With students across the country starting out on an uneven playing field, many enter the college or workforce without having a sound understanding of how to manage their money or newly acquired student loan debts.

Focusing on the wrong concepts

And even if you do receive financial education, it might not be as helpful as it seems. Elle Martinez, a personal finance podcaster, blogger and author of Jumpstart Your Marriage and Your Money, noted that most financial advice revolves around increasing your credit score. But she thinks people may misunderstand this three-digit number. 

“The credit score measures how well you manage debt. It’s not an accurate measure of your financial picture,” Martinez said. I couldn’t agree more. I recently wrote about my own struggle paying off over $26,000 in debt. I thought I was financially literate because I had a high credit score, but when I found myself battling thousands of dollars in credit card debt, I knew something was wrong.

While your credit score is important — without a higher score you can be locked out of getting a loan, credit card or mortgage — Martinez encourages you to focus more on improving your overall financial health by budgeting, paying your bills on time and reducing your debt. As a result of doing these things, your credit score will likely increase.

Trusting money advice on social media

How does Gen Z get their money advice? TikTok. Popular trends on social media, from loud budgeting to soft savings, can help you prioritize your money goals and set better boundaries and transparency around financial goals.

Jordan Gilberti, senior lead planner for Facet, is a big fan of loud budgeting. “Instead of coming up with excuses to miss a gathering with coworkers or friends, you can be open and honest about your budgeting constraints,” said Gilberti.

But he warns that you can’t trust all of the financial advice you see on social media. “As a certified financial planner, I’m concerned about how easy it is to get bad [financial] advice from social media,” he added. Always speak to a trusted professional to make sure any new money trend makes sense for your specific financial situation.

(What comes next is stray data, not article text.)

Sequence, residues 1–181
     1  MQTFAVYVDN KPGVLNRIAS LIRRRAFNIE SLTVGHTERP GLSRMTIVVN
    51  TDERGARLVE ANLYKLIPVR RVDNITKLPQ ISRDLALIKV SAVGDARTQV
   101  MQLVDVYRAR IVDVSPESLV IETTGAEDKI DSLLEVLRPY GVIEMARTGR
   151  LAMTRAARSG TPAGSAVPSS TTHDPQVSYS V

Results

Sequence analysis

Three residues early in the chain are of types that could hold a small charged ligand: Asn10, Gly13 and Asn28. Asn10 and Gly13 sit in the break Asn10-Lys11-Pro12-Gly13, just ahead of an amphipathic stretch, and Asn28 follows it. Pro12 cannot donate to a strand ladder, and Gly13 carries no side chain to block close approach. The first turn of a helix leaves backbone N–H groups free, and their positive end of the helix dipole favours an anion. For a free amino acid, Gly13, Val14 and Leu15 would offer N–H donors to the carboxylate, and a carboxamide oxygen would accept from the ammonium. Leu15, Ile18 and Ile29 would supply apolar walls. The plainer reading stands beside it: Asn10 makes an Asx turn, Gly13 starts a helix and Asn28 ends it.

How I sharpened my money skills

In the beginning, I focused on learning more about these basic financial concepts that make up financial literacy:

  • Budgeting
  • Saving money
  • Debt management
  • Investing
  • Safeguarding my money

Understanding these five essential financial topics helped me better manage my money on a day-to-day basis and make better-informed decisions about my future.

But where you should start depends on how you prefer to consume information. Liersch recommends dividing your pursuit into two broad categories: general financial literacy information and advanced topics. General information includes topics such as budgeting, paying off debt and building an emergency fund. 

More advanced topics, such as retirement planning, require advice from an expert with personal knowledge of your specific situation. You can begin your search for assistance with your Human Resources department. Your benefits may include financial planning assistance associated with your retirement plan manager. Organizations such as the CFP Board also provide a directory of certified financial planners you can search based on your location and their areas of expertise.

When focusing on improving your general financial literacy skills, be sure to vet resources to ensure they offer reliable advice that will help — and not hurt — your financial development.

“Financial literacy equips you with the tools to chart your course, avoid treacherous waters and reach your financial goals with confidence,” Seymour added. “Whether it’s that dream vacation, a comfortable retirement or starting your own business, financial literacy is the map that gets you there.”

Here are four ways you can get started:

1. Visit your local library

The library is a wonderful — and often overlooked — resource. In addition to physical books, most libraries offer audiobooks, as well as free workshops on money topics. 

Libraries are a great starting point because you can browse a large selection of authors without spending valuable cash you could use to accomplish your financial goals. As Martinez pointed out, librarians vet resources based on technical expertise, academic credentials and motivational quality. “I appreciate the care that goes into deciding what makes it onto the bookshelf,” she added.